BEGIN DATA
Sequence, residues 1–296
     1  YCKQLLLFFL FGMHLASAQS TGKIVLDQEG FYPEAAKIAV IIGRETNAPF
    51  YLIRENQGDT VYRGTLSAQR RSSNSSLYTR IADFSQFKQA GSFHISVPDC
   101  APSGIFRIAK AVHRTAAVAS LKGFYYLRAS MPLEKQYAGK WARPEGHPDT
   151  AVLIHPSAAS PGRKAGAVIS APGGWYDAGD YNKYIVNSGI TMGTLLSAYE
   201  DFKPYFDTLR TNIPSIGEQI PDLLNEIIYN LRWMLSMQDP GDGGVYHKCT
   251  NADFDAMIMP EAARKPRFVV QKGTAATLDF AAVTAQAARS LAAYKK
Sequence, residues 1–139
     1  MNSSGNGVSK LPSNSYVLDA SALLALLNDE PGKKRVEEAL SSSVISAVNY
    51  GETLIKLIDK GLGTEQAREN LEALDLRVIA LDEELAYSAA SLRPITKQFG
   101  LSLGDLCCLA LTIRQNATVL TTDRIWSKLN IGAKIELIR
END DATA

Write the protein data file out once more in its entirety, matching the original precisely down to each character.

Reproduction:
Sequence, residues 1–296
     1  YCKQLLLFFL FGMHLASAQS TGKIVLDQEG FYPEAAKIAV IIGRETNAPF
    51  YLIRENQGDT VYRGTLSAQR RSSNSSLYTR IADFSQFKQA GSFHISVPDC
   101  APSGIFRIAK AVHRTAAVAS LKGFYYLRAS MPLEKQYAGK WARPEGHPDT
   151  AVLIHPSAAS PGRKAGAVIS APGGWYDAGD YNKYIVNSGI TMGTLLSAYE
   201  DFKPYFDTLR TNIPSIGEQI PDLLNEIIYN LRWMLSMQDP GDGGVYHKCT
   251  NADFDAMIMP EAARKPRFVV QKGTAATLDF AAVTAQAARS LAAYKK
Sequence, residues 1–139
     1  MNSSGNGVSK LPSNSYVLDA SALLALLNDE PGKKRVEEAL SSSVISAVNY
    51  GETLIKLIDK GLGTEQAREN LEALDLRVIA LDEELAYSAA SLRPITKQFG
   101  LSLGDLCCLA LTIRQNATVL TTDRIWSKLN IGAKIELIR